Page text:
The 15.6-inch, 144-Hz full-HD screen on the Razer Blade is perfectly usable, and it looks great with such minimal bezel. But it's not as bright or as vivid as competing gaming-notebook displays. When I watched a 1080p trailer for Mission: Impossible - Fallout, I could make out Henry Cavill's back sweat (gross) in a fight scene, but the skies over the movie's European locales weren't as blue and clear as they should have been. When I played Middle-earth: Shadow of War, the green grasses around an orc fortress weren't as lively as on other displays, and shadows in a fortress muted colors.

Razer's display covers 112 percent of the sRGB color gamut, falling short of the premium-gaming average of 133 percent, as well as the PowerSpec 1510 (113 percent), the Asus ROG

Zephyrus M GM501 (120 percent) and the MSI GS65 Stealth Thin (150 percent).

MORE: Laptops with the Best Display Brightness

The Blade's panel is also dimmer than the rest of the field, registering an average of 260 nits on our light meter. The average is 281 nits, and it trails the Zephyrus (286 nits), the Stealth Thin (293 nits) and the PowerSpec (306 nits).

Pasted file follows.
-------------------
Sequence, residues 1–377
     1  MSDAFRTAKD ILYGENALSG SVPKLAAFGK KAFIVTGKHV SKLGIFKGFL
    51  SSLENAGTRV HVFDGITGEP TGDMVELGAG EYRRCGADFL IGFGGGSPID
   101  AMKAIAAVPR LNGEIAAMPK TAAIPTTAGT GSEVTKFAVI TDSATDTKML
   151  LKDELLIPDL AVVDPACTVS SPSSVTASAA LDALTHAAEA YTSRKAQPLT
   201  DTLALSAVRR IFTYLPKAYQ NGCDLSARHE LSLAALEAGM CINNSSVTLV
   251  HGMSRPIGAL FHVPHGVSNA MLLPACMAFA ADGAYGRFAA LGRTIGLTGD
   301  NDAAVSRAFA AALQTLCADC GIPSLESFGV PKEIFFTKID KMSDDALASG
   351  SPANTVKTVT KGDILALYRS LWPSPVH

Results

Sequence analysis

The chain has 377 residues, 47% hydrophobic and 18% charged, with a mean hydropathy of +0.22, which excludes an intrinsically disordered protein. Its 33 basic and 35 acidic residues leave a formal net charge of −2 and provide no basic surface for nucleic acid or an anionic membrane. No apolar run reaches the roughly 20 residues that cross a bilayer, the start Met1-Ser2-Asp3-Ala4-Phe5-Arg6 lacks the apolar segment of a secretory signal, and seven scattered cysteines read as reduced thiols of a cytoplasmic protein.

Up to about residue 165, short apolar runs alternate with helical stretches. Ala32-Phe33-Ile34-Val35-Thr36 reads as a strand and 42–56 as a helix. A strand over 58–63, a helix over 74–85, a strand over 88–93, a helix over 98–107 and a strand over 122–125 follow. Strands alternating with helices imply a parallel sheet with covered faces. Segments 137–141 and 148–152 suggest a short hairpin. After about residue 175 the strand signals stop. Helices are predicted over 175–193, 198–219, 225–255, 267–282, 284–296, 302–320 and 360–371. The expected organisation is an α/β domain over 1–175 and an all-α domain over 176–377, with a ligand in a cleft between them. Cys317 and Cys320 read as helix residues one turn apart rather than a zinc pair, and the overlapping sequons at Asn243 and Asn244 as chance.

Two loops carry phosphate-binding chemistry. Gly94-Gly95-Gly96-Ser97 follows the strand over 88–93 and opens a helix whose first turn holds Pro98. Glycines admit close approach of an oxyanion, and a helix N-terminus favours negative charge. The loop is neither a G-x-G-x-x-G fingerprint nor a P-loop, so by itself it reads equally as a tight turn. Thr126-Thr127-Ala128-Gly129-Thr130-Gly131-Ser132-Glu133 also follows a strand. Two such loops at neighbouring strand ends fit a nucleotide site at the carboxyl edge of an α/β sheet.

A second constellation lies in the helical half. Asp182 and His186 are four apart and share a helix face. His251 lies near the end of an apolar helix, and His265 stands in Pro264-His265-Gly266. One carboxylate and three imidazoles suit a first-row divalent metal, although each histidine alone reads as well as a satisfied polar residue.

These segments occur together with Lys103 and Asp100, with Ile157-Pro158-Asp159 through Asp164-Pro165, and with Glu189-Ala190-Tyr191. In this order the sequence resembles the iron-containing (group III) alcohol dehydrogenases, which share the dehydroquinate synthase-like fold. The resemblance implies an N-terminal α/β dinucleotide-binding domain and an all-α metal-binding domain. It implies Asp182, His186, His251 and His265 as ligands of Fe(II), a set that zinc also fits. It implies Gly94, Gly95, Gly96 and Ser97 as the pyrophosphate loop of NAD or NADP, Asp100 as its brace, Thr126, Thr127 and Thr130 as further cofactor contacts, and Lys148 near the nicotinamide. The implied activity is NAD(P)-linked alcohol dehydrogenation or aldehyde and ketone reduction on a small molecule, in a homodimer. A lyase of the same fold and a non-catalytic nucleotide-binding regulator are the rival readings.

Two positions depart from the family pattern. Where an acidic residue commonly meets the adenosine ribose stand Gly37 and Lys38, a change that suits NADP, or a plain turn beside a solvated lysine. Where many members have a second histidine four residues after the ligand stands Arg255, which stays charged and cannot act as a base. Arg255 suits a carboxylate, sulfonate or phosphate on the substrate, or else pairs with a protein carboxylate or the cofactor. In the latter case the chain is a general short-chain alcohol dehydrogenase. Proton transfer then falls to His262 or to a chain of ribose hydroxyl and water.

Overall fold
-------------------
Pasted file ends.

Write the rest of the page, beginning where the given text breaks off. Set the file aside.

Keyboard and Touchpad

With just 1 millimeter of travel and 72 grams required to actuate the keys, the keyboard on the new Razer Blade isn't all that comfortable. I bottomed out constantly, and at 103 words per minute on the 10fastfingers.com typing test, I was slightly slower than my usual 107 wpm. My error rate also doubled from 2 percent to 4 percent.

The Blade has a really spacious 5.0 x 3.1-inch touchpad with Microsoft's Windows 10 Precision drivers. It instantly responded to every gesture I threw at it, from simple pinch-to-zooms to four-finger swipes to open Task View and the Timeline.

Audio

The Blade's speakers produce clear sound, but I wish they were louder. I listened to Hozier's "Take Me to Church," and while the vocals, keys and background chorus were balanced, the sound barely filled a midsize conference room. That's plenty usable, but I prefer a bit more sound. It sounded louder when I played Middle-earth: Shadow of War, but footsteps were hard to hear over clear forces and loud swords clanging.

MORE: I Spent More Than $200 on Headphones: You Should Too

The laptop comes with Dolby Atmos software preloaded, but the audio didn't get any better when I fiddled with those settings.

Gaming, Graphics and VR